I like fire. Not in the way an arsonist enjoys burning things or a smoker depends on it to ignite their habit, but rather as an admirer of its beauty and the benefits fire provides. Yes, the fire-fueled steam age is directly responsible for creating the industrial age with its coal-fired furnaces filling the sky with the ingredients of acid rain, but as an individual who uses it for more personal reasons, fire seems somehow mystical. Fires are like snowflakes; no two are alike.

A famous dead American rock and roll singer, artist, poet and spokesperson for youth once kept journals filled with his writings as a teenager. I read where he talked about destroying the journals then later wishing he could recover them. I always imagined he burned his writings otherwise if he simply threw them away they might still exist somewhere waiting to be discovered. (“Come on baby light my fire”) Fire is so final. It makes cremation the absolute end of physical existence. If they burn your body you’ll never end up traveling the world as a mummy in a museum exhibit.

Fire is temporal art that consumes itself. Even the evidence of mass destruction which result from fires in nature eventually disappears as new life takes root and grows. Fire is a useful tool in nature that helped maintain prairies and forests suitable for supporting all life. Interference by man in his attempts to eliminate wildfires/forest fires has caused large amount of animal habits to become so choked with underbrush that only the smallest creatures can survive there.

I think being a Boy Scout taught me how to efficiently make a fire and enjoy its benefits. What is more basic than using a campfire for cooking and warmth? I try to avoid being a proud person, but there are some things in my life I take pride in doing well. One of these is starting a fire with a single match. Burning all the accumulated underbrush and dead limbs from our property several times a year (an all day process) or having a fire in the fireplace when the predicted high temperature is under 50 F, I don’t like to waste matches. Another lesson Scouts taught when your supply is limited.(no, I’ve never started a fire by rubbing two sticks together) There is also an art to building a fire in a fireplace. Starting with a hearth cleared of ashes from any previous fire, choosing the right size and amount of kindling, smaller and gradually larger pieces of wood, making sure enough of the wood is thoroughly dry to help ignite any wood that might still contain moisture, arranging all of this to allow maximum airflow from top to bottom to feed the flames and then adding generous amounts of crumpled newspaper under the fire-stand holding this pyramid of firewood. Finally striking the match and watching mesmerized as your creation grows, burning the wood as it generates the heat you enjoy.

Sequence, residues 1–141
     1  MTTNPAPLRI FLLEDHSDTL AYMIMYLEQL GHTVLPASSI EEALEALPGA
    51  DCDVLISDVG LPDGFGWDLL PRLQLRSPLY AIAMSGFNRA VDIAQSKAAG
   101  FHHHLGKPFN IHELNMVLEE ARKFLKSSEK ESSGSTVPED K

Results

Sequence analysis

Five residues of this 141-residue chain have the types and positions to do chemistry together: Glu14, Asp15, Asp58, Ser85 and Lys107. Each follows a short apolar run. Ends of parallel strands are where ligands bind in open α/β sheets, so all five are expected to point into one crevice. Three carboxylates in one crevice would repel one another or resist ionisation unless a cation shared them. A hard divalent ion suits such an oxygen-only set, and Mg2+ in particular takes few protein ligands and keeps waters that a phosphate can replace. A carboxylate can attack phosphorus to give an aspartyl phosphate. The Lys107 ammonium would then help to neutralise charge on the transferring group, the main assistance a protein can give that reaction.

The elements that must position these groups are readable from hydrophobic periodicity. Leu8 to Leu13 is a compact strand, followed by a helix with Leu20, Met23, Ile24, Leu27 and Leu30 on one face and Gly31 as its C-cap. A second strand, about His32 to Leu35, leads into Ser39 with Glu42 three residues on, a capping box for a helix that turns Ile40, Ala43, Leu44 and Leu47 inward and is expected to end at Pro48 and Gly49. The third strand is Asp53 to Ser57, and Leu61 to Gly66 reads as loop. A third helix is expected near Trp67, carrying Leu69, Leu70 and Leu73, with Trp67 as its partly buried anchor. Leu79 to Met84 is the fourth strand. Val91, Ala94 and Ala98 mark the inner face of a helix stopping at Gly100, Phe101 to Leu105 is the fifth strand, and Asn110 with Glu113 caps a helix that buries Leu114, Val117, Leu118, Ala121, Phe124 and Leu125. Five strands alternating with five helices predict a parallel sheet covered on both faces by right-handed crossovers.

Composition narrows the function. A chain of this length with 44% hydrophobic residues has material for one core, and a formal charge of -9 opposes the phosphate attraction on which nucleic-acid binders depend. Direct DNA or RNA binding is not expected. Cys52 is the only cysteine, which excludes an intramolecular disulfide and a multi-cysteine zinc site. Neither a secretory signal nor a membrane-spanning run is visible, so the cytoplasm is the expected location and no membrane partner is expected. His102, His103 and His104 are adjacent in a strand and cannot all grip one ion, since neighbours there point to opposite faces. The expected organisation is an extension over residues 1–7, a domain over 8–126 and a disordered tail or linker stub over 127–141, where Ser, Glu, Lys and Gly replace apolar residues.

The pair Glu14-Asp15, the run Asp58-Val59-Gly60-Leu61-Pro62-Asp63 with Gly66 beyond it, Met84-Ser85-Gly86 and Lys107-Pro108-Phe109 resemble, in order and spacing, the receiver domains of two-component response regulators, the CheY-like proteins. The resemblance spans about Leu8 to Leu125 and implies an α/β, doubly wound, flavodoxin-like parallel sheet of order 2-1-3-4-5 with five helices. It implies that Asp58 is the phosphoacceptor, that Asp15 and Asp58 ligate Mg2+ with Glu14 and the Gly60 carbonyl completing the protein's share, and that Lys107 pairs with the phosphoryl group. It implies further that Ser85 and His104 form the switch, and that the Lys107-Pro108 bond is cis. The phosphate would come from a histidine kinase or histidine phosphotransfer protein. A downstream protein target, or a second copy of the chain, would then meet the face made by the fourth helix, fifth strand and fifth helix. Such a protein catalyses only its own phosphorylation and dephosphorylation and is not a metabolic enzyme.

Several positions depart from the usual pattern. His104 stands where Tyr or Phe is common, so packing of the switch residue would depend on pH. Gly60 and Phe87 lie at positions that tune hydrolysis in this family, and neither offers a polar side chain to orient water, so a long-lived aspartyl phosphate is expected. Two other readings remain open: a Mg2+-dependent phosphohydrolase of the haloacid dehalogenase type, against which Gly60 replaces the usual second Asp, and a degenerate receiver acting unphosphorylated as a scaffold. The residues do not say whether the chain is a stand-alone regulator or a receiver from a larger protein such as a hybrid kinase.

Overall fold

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About Marcus

Who me? Introverted, neurotic, self-absorbed, increasingly cynical observer of human nature and part time social critic in hiding. Most of my life spent avoiding growing up. The naive idealistic passions of youth have evolved into the eclectic eccentricities of adulthood. Northeast Florida small-town native, related to people I can't relate to. Simultaneously my own best friend and worst enemy. Politically and spiritually unaffiliated, my personal ideologies put me all over the map or off it completely.
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2 Responses to

  1. felixwas says:

    My one-match ambitions are Jack London’s fault.

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